Los Angeles rhythm and blues revisited

Two guys that are doing a lot to preserve some great history of Los Angeles 1960s pop culture are Domenic Priore and Brian Chidester, who’ve published some excellent articles with their Dumb Angel publication.

At their Dumb Angel blog, they’ve got a very cool post about L.A.’s Crenshaw District R&B Venues of the ’50s and ’60s, featuring a little mention of Richard Berry. Here’s a photo of Richard on their blog, which they borrowed from one of Richard’s live albums sold at concerts:

Richard Berry in concert

This post is a real treat for collector-archivists. There’s a lot of vintage photos of old musicians, nightclubs, album covers, and advertisements for some very cool performances.

I found an advertisement in my archives that would fit well into this particular posting. It’s an old newspaper ad for some Los Angeles strip club in the late 50’s, featuring legendary saxphonist Big Jay McNeely as one of the talents. I wonder what ever happened to “Stormy Nite?” Hmmm……

Big Jay McNeedly at York Club

Anyways, Domenic Priore and Brian Chidester have a new book entitled Riot on Sunset Strip: Rock ‘n’ Roll’s Last Stand in Hollywood, which looks pretty good. They’re touring the country to promote this book, and I recommend checking them out. They’ve even got a MySpace page. Go visit ’em, and tell ’em LOUIE sent ya….

Steve Propes’ ultra-rare “LOUIE LOVIE” 45 single

Steve Propes' Louie Lovie 45 - ALL RIGHTS RESERVED

Here’s an image that you’ll be be unlikely to see anywhere else. My friend Steve Propes, who’s provided some excellent support to THE MEANING OF LOUIE documentary project over the years, has uncovered an extremely rare version of Richard Berry‘s original recording on the Flip Records label. He wrote an article about his personal history with this extremely rare piece of vinyl for the Record Convention News, which was also recycled at Jerry Osborne‘s Vinyl Village forum.

Steve has given me permission to reprint this article, so here it is:

* * * * * * * * * * *

The Story Of Louie Lovie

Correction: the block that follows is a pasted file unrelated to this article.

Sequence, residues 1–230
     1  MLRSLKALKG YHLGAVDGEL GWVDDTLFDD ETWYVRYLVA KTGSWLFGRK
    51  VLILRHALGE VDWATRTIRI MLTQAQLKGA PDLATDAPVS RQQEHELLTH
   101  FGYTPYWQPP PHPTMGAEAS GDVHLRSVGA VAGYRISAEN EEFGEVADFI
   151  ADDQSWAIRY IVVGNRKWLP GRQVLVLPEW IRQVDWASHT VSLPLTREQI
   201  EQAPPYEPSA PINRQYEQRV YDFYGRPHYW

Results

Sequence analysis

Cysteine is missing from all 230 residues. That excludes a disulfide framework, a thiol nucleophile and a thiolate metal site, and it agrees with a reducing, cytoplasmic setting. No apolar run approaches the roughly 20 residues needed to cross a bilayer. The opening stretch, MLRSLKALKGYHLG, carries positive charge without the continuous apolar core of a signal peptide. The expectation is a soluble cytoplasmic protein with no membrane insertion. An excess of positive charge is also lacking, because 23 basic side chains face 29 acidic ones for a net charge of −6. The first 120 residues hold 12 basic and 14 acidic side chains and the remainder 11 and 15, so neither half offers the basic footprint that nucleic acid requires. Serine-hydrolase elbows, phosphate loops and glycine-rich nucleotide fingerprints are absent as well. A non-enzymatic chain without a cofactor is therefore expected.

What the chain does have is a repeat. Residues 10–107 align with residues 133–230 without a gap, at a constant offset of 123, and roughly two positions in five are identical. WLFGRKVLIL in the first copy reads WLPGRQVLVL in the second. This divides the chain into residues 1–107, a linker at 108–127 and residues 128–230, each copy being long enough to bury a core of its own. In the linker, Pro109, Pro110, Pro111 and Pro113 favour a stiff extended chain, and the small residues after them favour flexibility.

By Steve Propes

Okay, I admit it. When in my youth, in the 1960s, I would scribble my name on 45s. To understand why is to understand the era. 45s were easy to find. They were also important. My friend Bill and I would cruise Hody’s, Grisingers and Oscar’s in his 56 Chevy and play cool records on his ARC under the dash record player that dug into the playing surface with extra pressure to prevent the stylus from bouncing around when the lowered car hit the driveway apron. Some of these 45s I recall was an original gold top Federal “Sixty Minute Man” by the Dominoes and and the silver-top “Work With Me Annie” by the Royals. Then there were the rarities on colored vinyl, like “Church Key” by the Revels. And just the great cruising music like “Take the Key” by Richard Berry and the Pharoahs, and of course, “Louie Louie” and “Have Love, Will Travel.”

Then there were the parties. To keep the music cool and prevent the playing of Pat Boone or Bobby Vee records (except for ”Suzie Baby,” of course), one had to furnish better records. But one wanted to keep track of these records, so name-writing was the method of sorting out a potentially dangerous “that’s my 45!” debate with a car club guy who brought some sides and some friends.

If you wore out a record or one was stolen, you could go to Wallich’s Music City or any of the stores in the Long Beach area and pick up a replacement with ease. But there were those 45s that were impossible to replace. In fact, it was while visiting Wallich’s and checking the James Brown section when I found out that the word “collector’s item” applied to “Mashed Potatoes U.S.A.” Looking further at the bins, I saw that some 45s were no longer available. That’s when I decided to buy all I could of these records, and a record collector was thusly born.

All of which brings us back to “Louie Louie” by Richard Berry & the Pharaohs on Flip, one of the coolest and best 45s to ever be played in a house party setting with the lights down low and the girl smelling like the latest scent of something romantic, her Angora sweater clinging to my sweaty T-shirt. Ow!